How long does it take to learn English? That is probably the one-million question of our era. At a time of fast-food, instant messages, real-time distance interaction, and quick fixes to (almost) everything, learning a language becomes one more item on our “fast-track” bucket list. As a way to attract market and become more competitive, several English language institutes in Brazil tend to sell quick-fix programs in which students are promised to speak English in as fast as one year (maybe less?). But do such programs really offer...

We all love reading in my family - my husband and I are real bookworms. I myself also love books - I buy so many, I wonder if I’ll ever have the time to read all of them in this lifetime. I started buying books for my baby daughter long before she was born. Even before she was able to hold things up, we gave her books so that she could play with them. And she had her own library in her room – of course, she was not...

Hello again! It's good to be back after a short absence - a lot has happened since I last posted and I'll be writing about one those things here. I had the great fortune in June to be at a fabulous conference in lovely Cancun, Mexico. While I was there I was talking about the use of previous knowledge and meaningful learning, and focused in on all the previous knowledge that learners have in English of songs and particularly certain lines of songs. Like a dream come true, the night...

Why do we make lists? Jillian Steinhauer  in a 2012 blog post  says "We are a society of listers." In other words, we could all be called "glazomaniacs" according to Dictionary.com which defines "glazomania" as a passion for list-making. We seem to enjoy lists: to-do lists, grocery lists, best-sellers lists, new year resolution lists and blog posts such as "10 BYOD apps for ELT". But why? Umberto Eco in a very interesting interview to Der Spiegel talks about the place of lists in society. He says: "The list is...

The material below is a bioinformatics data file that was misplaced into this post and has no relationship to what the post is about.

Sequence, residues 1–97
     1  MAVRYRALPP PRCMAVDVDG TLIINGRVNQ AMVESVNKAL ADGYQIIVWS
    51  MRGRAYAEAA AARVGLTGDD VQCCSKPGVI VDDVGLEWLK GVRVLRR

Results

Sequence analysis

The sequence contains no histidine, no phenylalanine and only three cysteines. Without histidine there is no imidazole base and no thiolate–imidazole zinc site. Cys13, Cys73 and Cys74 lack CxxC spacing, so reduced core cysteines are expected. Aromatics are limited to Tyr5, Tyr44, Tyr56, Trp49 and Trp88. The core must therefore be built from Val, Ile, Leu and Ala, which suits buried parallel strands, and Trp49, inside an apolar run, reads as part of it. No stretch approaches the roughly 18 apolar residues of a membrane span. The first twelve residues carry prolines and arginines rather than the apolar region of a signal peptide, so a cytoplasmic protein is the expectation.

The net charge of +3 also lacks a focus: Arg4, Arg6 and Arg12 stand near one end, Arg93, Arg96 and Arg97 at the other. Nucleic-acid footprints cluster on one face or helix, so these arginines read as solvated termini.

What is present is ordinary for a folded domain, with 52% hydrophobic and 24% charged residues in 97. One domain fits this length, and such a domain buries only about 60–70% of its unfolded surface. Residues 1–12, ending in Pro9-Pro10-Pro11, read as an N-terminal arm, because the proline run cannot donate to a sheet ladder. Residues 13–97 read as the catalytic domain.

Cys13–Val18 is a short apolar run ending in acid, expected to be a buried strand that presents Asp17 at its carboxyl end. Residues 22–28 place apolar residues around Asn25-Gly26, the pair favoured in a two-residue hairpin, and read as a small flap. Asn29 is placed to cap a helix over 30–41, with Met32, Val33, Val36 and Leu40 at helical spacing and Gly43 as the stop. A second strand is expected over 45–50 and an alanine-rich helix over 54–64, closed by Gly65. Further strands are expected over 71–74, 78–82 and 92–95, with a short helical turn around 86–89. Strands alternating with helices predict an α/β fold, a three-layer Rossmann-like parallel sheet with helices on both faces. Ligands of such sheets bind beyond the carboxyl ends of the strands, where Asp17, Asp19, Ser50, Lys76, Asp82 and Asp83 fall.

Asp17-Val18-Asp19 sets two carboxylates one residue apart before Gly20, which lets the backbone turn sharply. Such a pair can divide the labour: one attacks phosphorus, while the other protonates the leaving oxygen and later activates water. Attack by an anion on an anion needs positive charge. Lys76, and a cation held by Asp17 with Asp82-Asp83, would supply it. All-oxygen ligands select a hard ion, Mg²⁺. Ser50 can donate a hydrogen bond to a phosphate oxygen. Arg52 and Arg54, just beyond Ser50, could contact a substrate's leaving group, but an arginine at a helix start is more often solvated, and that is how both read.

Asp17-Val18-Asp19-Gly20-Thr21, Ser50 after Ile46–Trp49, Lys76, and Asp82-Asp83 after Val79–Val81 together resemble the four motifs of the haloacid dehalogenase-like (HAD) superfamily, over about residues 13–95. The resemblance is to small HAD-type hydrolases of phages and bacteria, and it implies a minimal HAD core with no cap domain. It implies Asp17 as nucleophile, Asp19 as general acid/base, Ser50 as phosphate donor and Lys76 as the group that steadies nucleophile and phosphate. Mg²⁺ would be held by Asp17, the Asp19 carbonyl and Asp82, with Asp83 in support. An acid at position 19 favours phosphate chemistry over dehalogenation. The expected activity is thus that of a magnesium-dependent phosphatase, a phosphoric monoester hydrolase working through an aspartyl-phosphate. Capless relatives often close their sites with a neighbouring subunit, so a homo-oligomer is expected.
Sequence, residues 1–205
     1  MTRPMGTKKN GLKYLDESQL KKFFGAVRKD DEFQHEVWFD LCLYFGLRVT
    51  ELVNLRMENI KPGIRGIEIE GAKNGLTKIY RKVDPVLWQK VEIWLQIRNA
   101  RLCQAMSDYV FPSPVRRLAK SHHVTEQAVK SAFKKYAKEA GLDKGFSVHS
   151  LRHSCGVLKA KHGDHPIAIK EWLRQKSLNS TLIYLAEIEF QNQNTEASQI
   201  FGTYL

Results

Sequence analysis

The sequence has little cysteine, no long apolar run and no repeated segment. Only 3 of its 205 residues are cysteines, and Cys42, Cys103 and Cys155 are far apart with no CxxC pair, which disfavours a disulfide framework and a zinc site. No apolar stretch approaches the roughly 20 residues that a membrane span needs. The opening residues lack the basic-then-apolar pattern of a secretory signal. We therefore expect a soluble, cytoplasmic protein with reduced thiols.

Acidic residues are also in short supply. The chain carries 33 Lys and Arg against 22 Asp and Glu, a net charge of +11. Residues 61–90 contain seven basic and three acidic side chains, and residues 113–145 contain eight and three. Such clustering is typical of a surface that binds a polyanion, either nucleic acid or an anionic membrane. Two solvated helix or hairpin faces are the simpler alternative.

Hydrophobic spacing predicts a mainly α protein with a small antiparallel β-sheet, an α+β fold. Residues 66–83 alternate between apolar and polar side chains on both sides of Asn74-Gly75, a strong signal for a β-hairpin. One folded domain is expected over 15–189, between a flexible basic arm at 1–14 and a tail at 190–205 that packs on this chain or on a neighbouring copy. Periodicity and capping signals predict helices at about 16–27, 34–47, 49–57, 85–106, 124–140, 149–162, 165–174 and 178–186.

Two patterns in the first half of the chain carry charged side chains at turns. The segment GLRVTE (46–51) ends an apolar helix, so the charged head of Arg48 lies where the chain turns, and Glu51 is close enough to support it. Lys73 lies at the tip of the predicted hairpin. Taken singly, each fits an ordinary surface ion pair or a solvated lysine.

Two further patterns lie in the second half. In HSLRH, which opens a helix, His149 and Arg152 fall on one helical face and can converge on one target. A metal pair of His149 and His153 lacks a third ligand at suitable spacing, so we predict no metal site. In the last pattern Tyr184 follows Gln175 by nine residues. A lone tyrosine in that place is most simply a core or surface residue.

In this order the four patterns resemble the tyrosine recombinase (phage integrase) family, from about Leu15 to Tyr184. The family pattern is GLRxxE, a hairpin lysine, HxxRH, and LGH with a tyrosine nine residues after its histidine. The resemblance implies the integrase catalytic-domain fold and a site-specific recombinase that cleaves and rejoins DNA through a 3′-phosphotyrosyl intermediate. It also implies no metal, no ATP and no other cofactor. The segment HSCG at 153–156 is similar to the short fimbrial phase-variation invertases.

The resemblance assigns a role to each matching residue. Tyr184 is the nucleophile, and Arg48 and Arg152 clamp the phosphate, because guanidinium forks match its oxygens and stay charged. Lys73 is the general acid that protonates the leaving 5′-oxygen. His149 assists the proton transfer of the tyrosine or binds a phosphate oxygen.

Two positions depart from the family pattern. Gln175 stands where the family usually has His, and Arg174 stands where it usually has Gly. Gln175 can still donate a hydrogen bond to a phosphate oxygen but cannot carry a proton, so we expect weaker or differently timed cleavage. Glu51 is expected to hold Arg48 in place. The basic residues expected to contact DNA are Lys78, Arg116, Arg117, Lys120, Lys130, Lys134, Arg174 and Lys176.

The challenge of being a non-native English speaker in a native English speaking world I recently came across EFL teacher James Taylor's blog post about NNESTs' struggle to be respected as English teachers by students and employers. In his guest blog post, James lists a number of advantages of being a NNEST over a being a NEST. Wow! I'd never given much thought to the issue of NNESTs (non-native English speaking teachers opposed to NESTs -- native English speaking teachers), and yet I have belonged to this group most...

June has arrived and with it the end of the first academic semester of the year. This period comes with mixed feelings, feeling of duty fulfilled for a term well worked, but also a kind of uncertainty whether or not the groups will remain the same for the following term. In regular schools, enrolments are compulsory as well as taking the whole course, but in Private Language Schools [PLSs], as they are “free courses” as called in  Brazil, there is no obligation to attend the whole course. So, back...

I must have mentioned before on this blog that I teach adolescents in their last year of High School. Needless to say, this is a period of great anxiety as most of them intend to go to university and now have to choose a career. It is the time when most of them realise that their days of “automatic pilot” - in which they simply progress from one grade to another - are over and that making a decision based on the question What do I want to...

In a previous post, I discussed about the importance of technology invisibility in the classroom. According to Lehman (2010), technology should be : Ubiquitous = available all the time. Necessary = used when necessary. Invisible = a natural procedure. Another author who thinks likewise is Bax (2011). The author coined the term "normalisation" to address the issue of technology in language education. He states that technology should be normalised to serve its real purpose in education. But, what is normalisation? I'll give an example: have you ever heard technophobes saying "No,...

Trying to respond to a high demand for English instruction, English schools pop up  everywhere, without a proper control from the government in relation to  the educational background of the teachers  who will work in such schools.  Called  “cursos livres” by the Ministry of Education, they are not part of the regular school system, which means they don’t follow any specific regulations . Since there is no criterium regarding the teaching of English in preschools and day care centers, a theoretical background is many times substituted by the  teachers’...

I was supposed to have published this post on May the 01st. As I knew I was going to be in João Pessoa for the 14th BRAZ-TESOL International Conference, I really wanted my post to be about teacher development – mainly about attending conferences. I had even read some articles and blog posts on it in order to find inspiration for my post (“Teacher Development belongs to Teachers” by Willy C. Cardoso, “Attending Conferences” by James Taylor, “7 things about reflecting on conference presentations” by Willy C. Cardoso, “Teachers...